The GOP Frontrunner’s Revolving Door Views on LGBT Rights

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In an April 21 appearance on NBC’s “Today Show,” Donald Trump, the Republican presidential primary frontrunner, weighed in on the simmering controversy over transgender access to public bathrooms in a way that gave his leading rival, Texas Senator Ted Cruz, hope he’d been handed a perfect wedge to fire up the party’s socially conservative base.

“North Carolina did something that was very strong and they’re paying a big price,” Trump said of that state’s new law restricting bathroom access based on an individual’s gender as indicated on their birth certificate. “And there’s a lot of problems. Leave it the way it is. North Carolina, what they’re going through, with all of the business and all of the strife — and that’s on both sides — you leave it the way it is. There have been very few complaints the way it is. People go, they use the bathroom that they feel is appropriate. There has been so little trouble. And the problem with what happened in North Carolina is the strife and the economic punishment they’re taking.”

Cruz wasted no time in striking out.

“Should a grown man pretending to be a woman be allowed to use the women’s restroom?,” a Cruz ad released the following day said. “The same restroom used by your daughter? Your wife? Donald Trump thinks so.”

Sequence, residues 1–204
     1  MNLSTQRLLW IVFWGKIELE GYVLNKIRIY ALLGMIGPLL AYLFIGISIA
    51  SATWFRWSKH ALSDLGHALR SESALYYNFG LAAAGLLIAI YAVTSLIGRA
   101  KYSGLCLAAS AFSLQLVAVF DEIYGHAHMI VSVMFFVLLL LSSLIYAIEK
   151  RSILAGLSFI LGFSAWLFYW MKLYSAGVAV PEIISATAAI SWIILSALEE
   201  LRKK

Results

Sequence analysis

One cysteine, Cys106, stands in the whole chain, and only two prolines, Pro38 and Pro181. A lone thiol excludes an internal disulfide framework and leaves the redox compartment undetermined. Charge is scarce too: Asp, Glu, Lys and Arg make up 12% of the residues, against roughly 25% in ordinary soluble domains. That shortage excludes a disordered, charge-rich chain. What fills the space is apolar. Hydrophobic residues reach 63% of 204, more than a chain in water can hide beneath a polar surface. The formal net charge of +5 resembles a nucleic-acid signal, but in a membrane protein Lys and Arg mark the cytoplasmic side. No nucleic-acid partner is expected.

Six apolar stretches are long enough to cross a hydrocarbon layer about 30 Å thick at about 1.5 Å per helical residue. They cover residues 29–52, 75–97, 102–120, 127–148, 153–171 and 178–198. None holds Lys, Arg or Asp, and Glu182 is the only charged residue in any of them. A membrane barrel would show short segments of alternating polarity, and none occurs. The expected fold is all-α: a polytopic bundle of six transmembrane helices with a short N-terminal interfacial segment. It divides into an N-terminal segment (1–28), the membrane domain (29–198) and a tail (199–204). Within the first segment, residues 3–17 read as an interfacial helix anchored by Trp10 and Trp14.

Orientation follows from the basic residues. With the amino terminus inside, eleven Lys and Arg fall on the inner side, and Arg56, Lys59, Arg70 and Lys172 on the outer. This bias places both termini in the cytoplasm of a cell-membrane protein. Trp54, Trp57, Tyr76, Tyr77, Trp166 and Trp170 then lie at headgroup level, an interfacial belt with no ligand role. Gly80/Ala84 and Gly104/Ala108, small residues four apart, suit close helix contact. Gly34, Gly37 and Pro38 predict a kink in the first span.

Then, going for the jugular on one of Trump’s signature claims, the ad continued, “It’s PC nonsense that’s destroying America. Donald Trump won’t take on the PC police. He’s one of them.”

Trump promotes himself as dealmaker-in-chief who will bring jobs back to America, and his comments about the North Carolina law reflected a businessperson’s sense that, in responding to a problem of which there was no evidence, it was hurting that state’s economy needlessly.

But some observers saw something deeper there — a willingness on Trump’s part to stand up to the Republicans’ excessive catering to the party’s base of social conservatives. A day after Trump’s North Carolina comments, the New York Times took that angle one big step further, writing that “it is his views on gay rights and gay people that most distinguish Mr. Trump from previous Republican standard-bearers” — quite a claim about an iconoclast who has just about ripped up the entire playbook of GOP orthodoxy.

The Times’ evidence was something less than overwhelming, in a story that opened with Trump blogging his congratulations to Elton John and David Furnish when they entered into a civil partnership in the UK a decade ago.